Professor Destressor eNews |
Combining productive work lives and balanced personal lives
Our goal is to bring you news, insights, and information
about leading a balanced and productive life while making
In this issue, you'll find:
- Class Preparation in One Hour or Less
- Professor Destressor coaching
- Up and coming workshops
1. Class Preparation in One Hour or Less
How much time do you take prepare for a one hour class? If you
regularly take more than one hour you are spending too much time.
Many professors I meet know they are spending far too much time
preparing for classes. They also know that their classes don’t
live up to their expectations. What they haven’t figured out is
any to approach class preparation that will take minimum time and
produce maximum results of great learning for your students and
great ratings for your classes. This eNews will outline a process
that you can replicate for each class you prepare. My clients who
have implemented this process tell me it works for all academic
fields from the sciences to the humanities and all levels,
undergraduate and graduate classes.
The one consistent error that faculty make is approaching class
prep like they are writing another doctoral dissertation. They
start by doing a major literature search to learn everything
they can about the topic and then proceed to write paragraphs
and paragraphs of content.
While you might need to do that much research if you are unfamiliar
with a topic, most of the material that you will be teaching will
be on topics on which you have already had a whole graduate course.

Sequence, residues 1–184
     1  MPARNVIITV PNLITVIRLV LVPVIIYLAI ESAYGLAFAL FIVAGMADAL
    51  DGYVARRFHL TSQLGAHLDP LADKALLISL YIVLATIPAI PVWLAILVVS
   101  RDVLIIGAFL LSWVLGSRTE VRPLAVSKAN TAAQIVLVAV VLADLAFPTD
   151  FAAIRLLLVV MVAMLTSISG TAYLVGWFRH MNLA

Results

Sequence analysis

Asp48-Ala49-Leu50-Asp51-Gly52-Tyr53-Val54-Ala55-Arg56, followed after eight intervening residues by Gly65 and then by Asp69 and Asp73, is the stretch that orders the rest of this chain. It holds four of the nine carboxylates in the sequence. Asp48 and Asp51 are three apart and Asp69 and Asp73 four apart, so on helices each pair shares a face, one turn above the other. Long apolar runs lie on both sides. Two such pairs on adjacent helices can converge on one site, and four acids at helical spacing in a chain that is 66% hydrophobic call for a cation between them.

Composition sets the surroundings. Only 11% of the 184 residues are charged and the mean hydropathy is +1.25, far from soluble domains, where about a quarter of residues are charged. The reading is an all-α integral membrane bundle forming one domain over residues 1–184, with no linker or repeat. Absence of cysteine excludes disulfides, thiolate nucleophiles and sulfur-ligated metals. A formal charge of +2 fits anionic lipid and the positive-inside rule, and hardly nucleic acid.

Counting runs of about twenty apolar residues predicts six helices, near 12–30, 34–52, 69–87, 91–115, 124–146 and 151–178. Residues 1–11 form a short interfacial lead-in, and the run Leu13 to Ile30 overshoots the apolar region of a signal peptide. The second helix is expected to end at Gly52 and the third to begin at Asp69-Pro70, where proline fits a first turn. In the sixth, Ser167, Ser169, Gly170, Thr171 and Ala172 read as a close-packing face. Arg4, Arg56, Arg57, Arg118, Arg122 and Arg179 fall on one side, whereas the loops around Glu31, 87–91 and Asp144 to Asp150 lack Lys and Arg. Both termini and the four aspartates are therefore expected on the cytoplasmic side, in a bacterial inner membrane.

There are several problems with conducting a major literature
search for class preparation:
- There just isn’t enough time to do that kind of thorough work
two - three times a week for every class you teach.
- The students don’t want or need to know that much about
- You probably know a lot about the topic already and can draw
on that knowledge to decide whether you need more research.
- You can get so bound up in preparing your fabulous notes that
you forget that in spite of your title of professor, you are in the
class to teach – not to profess. Teaching means the students learn
Here is a protocol I have developed that is short (it usually takes
about an hour), good enough (we are not aiming at brilliant),
and effective (my clients have raised their satisfactions with their
classes and their class ratings). It takes four steps:
- Generating ideas;
- Getting organized;
- Pulling it all together;
I have added some suggestions about how to prepare for a class
covering material that you have never studied. Those suggestions
will not take any more than one additional hour.
- Ask yourself, “What do I want my students to get out of this
class?” Limit yourself to 1-3 major ideas, skills, arguments, or
sections of material. Ask yourself the following question and be